If you ask Americans whether they trust the polls, many seem unable to let go of what happened in 2016. Polls taken since then have generally found that a majority of Americans have at least some doubts about what polls say. But as FiveThirtyEight wrote in the run-up to the 2016 election, Donald Trump was always a normal polling error behind Hillary Clinton.
And that’s essentially what happened in 2016: Trump beat his polls by just a few points in just a few states. The presidential polls were, simply, not that off. State-level polling was less accurate, although as editor-in-chief Nate Silver wrote after the election, it was “still within the ‘normal’ range of accuracy.”
That doesn’t mean there weren’t plenty of polling lessons to be gleaned from 2016, though. The importance of education in predicting a person’s political preferences was a big one. And so to better understand those takeaways, we contacted 21 well-known pollsters to find out how they adjusted their methodologies, if at all, and what concerns them most about polling in 2020. In the end, 15 got back to us — a 71 percent response rate that pollsters only dream of in this day and age. Here’s what they had to say.
More pollsters are weighting by education and using new ways to reach respondents
Nearly every pollster we talked to has made some kind of modification since the last general election. Some changes were precipitated by what happened in 2016, while others were driven by the challenges facing the polling industry, such as low response rates to phone calls and the greater cost of high-quality polling.
But one thing came up again and again in our interviews: Pollsters told us they were now weighting their samples by education, because one key takeaway from 2016 was just how important someone’s level of educational attainment was in predicting their vote. “In mid-2016, we changed our weights by education, moving the percentage of high school or less respondents up while dropping the college-plus down,” said Jeff Horwitt, a senior vice president at Hart Research, one of the pollsters for the NBC News/Wall Street Journal poll. It was the middle of the election cycle, but already Horwitt and his team were concerned that they might be underestimating the share of the electorate who didn’t have a four-year college degree, and therefore, missing some of Trump’s support. They were right to be concerned, too. A real problem for the polling industry writ large was the underrepresentation of voters with little or no college education.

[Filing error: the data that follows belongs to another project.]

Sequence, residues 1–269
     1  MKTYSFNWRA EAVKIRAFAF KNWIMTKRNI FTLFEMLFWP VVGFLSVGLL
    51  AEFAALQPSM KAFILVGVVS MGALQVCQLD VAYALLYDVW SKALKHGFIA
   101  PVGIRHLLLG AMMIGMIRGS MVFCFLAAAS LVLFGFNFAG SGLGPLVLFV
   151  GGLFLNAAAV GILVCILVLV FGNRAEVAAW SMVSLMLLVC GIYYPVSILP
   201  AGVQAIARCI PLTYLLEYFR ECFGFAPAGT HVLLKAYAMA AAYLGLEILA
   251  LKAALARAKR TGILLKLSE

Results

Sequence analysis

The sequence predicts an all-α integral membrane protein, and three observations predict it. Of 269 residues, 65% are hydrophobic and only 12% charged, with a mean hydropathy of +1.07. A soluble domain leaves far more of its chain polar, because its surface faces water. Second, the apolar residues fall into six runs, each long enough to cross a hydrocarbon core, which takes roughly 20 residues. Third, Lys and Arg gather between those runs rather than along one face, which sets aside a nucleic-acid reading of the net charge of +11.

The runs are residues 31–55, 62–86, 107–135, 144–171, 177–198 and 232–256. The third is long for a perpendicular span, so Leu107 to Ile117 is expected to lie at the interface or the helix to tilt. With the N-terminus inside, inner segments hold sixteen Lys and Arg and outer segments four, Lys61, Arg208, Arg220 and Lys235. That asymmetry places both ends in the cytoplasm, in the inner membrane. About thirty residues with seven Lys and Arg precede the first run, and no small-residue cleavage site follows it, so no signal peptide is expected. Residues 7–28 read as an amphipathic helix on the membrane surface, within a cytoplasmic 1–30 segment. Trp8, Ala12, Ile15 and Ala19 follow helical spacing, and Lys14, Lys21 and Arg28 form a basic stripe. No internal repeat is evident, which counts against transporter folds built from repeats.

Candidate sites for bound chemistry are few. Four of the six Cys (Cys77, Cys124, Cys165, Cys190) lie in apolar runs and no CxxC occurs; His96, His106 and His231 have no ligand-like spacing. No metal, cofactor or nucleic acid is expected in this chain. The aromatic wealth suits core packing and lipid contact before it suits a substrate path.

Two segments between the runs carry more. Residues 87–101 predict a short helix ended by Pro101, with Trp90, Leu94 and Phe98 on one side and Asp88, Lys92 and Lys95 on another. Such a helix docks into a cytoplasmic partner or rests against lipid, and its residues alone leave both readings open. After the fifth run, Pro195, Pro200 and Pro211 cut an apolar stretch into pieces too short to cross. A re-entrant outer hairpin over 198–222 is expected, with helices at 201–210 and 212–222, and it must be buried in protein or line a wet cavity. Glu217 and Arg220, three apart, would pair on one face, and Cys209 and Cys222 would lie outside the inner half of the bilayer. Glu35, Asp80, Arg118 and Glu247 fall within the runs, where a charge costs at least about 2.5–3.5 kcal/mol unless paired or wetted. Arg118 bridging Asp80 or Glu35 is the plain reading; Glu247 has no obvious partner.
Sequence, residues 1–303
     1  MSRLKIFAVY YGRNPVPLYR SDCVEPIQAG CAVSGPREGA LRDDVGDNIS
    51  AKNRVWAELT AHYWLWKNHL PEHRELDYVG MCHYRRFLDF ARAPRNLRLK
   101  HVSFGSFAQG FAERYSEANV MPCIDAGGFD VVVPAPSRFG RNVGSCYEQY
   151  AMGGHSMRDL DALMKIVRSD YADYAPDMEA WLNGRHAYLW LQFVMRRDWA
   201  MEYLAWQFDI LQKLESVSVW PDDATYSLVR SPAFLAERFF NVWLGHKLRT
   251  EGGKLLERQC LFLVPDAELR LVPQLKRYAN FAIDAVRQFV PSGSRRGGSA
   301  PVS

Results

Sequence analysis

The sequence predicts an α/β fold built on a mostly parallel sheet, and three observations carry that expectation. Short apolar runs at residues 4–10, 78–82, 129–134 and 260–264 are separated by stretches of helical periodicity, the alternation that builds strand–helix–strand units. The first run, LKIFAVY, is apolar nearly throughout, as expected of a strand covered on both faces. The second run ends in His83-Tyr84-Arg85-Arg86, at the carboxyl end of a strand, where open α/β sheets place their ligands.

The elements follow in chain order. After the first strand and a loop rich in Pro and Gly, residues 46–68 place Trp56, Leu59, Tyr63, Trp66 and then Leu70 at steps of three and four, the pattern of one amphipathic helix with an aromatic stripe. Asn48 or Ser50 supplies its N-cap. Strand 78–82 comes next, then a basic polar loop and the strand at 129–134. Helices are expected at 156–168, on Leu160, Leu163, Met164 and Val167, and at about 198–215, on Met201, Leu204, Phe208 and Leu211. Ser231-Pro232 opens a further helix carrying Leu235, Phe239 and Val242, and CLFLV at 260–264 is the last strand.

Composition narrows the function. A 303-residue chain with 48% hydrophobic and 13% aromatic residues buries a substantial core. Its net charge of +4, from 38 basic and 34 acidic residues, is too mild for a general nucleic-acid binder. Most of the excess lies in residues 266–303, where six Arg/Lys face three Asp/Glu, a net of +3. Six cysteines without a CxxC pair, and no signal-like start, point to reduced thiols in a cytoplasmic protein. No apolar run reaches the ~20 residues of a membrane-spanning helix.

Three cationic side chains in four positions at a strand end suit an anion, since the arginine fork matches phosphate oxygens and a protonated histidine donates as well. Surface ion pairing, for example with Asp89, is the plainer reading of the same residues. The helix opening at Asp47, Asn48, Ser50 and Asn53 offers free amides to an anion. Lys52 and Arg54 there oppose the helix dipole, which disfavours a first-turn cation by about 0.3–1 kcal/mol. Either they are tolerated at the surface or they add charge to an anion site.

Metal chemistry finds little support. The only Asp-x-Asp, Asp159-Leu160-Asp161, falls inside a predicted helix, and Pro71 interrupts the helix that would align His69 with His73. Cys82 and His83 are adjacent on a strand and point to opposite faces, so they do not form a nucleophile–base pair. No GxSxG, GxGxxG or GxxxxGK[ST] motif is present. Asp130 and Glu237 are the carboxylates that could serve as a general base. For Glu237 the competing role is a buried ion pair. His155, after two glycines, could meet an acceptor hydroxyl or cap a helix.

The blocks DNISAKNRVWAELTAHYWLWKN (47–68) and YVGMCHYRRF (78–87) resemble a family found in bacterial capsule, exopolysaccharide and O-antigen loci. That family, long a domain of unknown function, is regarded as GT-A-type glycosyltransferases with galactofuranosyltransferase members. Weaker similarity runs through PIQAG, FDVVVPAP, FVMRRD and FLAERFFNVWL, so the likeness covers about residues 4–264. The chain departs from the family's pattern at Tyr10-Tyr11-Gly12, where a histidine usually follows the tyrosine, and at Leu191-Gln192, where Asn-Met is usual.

Some pollsters such as Ipsos and the Pew Research Center have taken weighting by education a step further by weighting for educational attainment within racial groups. This change could be especially important in state-level polling in 2020, as Trump primarily outperformed polls in states that had large populations of white Americans who didn’t have a bachelor’s degree. “This year we are ensuring that we include the combination of education and race/ethnicity in our sampling,” said Cliff Young, president of U.S. public affairs at Ipsos.
Monmouth University Polling Institute director Patrick Murray cautioned, however, that weighting by education isn’t a silver bullet. He noted that weighting by education in a postmortem analysis of their own polling in 2016 had only “a small impact on accuracy and on its own [did] not explain the supposed polling miss in 2016.” Still, weighting by education was, by far, the most common methodology change pollsters reported.
As for other changes since 2016, Marist College Institute for Public Opinion director Lee Miringoff told us they’re paying closer attention to where their respondents live — that is, are they mostly concentrated in a city or outside…